Wednesday, November 21, 2018

3 Stories (Three’s Theatre Company in The MAC until Thursday 22 November)

Stories. Dance. Choices. Headphones. As usual Three’s Theatre Company ticked all those boxes with their latest work, accurately titled 3 Stories.

Three’s Theatre Company has a history of telling stories in parallel, allowing the audience to select which one to listen to – sometimes permitting them to flick between voices – and leaving the theatre with the feeling that they haven’t heard the entire show, that some other people heard other voices or words that they missed out on.

Having devised a piece of physical theatre – that’s dance to you and me – in, you guessed it, three days, three writers were asked to write stories to accompany the work.

Before entering the theatre, audience members randomly selected one of three origami designs. I picked out a fish which meant I sat on the blue side of the triangular dance floor, wearing blue headphones and staring across the theatre at a sea of red ears to my left and green to my right.

Music was replaced with Mary Jordan’s story, As Good as a Fish, in my ears. Other audience members listened to Colm G Doran’s Connection or Ciaran Haggarty’s Seagull. We shared the same dance visuals, but I’ve no idea what they heard.

Anna Leckey, Aimee Montgomery and Michael Bingham demonstrated the subtlety of their movements and the immense control they could exercise in collaboration with each other. Leaning backwards, arching a back until extended finger tips reached the floor. A one-handed cartwheel. Bodies folded around each other, clinging onto each other, pulling against each other, watching and waiting for each other.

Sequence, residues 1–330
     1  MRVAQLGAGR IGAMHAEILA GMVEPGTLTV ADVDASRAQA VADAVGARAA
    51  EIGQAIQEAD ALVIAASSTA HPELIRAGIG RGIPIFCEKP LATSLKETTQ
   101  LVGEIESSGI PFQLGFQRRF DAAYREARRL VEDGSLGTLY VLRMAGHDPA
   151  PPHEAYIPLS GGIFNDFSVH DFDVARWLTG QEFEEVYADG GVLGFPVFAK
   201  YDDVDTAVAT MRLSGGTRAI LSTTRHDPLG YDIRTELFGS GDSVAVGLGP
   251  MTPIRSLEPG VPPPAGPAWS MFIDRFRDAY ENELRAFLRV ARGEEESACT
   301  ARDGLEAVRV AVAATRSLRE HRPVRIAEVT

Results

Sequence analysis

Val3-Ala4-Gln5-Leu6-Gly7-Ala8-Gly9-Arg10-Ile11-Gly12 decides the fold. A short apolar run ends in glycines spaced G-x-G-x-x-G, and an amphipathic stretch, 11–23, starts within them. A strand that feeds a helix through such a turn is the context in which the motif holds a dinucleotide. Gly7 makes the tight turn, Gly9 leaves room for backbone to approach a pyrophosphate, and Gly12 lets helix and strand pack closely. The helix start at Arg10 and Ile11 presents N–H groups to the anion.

Jordan’s piece was beautifully written, and read out with a reassuring and measured tone. It felt like a love letter from a mother to her eldest daughter, describing a childhood trip to the beach, the arrival of siblings, school days, the stress of exams and more serious mental health difficulties among family and friends, before the story swam to shore and basked on the beach under warm sunshine of a stable family at peace with themselves and each other.

But I could be wrong.

While there were moments when the narrative was clearly supported by the dance – learning to walk again was beautifully portrayed – often the conceptual disconnect between word and movement became a distraction. Oh look, the three dancers have just formed a human centipede ... and they’ve now transformed into a centaur ... that’s clever ... And my brain had switched away from the aural story to the dance and I was now lost, waiting for my ear to give me a leg back up onto the story. For me, 3 Stories is the least coherent of Three’s Theatre Company’s works to date. A novel way of devising a work or three, but one that didn’t sufficiently bind the different mediums together.

My young companion put on headphones that had the volume turned all the way down. In a teenage move that was either feckless or fearless, when they couldn’t easily find the volume wheel, they simply chose not to ask for help and sat for 50 minutes in perfect silence and watched the dance, generating a fourth story, unique to their imagination, undistracted by other people’s words.

The final two performances of 3 Stories are at 6.45pm and 8.45pm on Thursday 22 November.

Photo credit: The Hype Factory

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